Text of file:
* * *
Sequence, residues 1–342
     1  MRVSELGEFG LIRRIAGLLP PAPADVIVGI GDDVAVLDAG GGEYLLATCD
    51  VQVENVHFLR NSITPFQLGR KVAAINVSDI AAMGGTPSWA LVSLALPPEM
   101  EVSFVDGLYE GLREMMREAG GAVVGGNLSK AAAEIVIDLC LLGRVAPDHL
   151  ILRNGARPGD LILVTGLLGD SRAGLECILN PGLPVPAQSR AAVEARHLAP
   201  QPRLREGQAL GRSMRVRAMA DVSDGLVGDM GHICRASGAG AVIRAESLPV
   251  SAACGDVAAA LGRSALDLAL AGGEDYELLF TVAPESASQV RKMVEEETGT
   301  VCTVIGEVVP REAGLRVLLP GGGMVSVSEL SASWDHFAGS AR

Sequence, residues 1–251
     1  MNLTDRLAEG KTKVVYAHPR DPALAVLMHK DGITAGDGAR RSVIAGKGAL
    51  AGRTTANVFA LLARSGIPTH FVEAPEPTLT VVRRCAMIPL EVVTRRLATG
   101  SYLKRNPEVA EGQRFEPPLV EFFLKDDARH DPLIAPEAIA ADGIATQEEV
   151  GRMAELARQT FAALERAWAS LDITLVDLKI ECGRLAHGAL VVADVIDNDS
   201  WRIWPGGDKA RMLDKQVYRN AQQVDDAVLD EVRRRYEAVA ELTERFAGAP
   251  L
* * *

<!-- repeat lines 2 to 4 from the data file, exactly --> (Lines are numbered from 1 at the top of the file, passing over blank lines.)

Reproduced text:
     1  MRVSELGEFG LIRRIAGLLP PAPADVIVGI GDDVAVLDAG GGEYLLATCD
    51  VQVENVHFLR NSITPFQLGR KVAAINVSDI AAMGGTPSWA LVSLALPPEM
   101  EVSFVDGLYE GLREMMREAG GAVVGGNLSK AAAEIVIDLC LLGRVAPDHL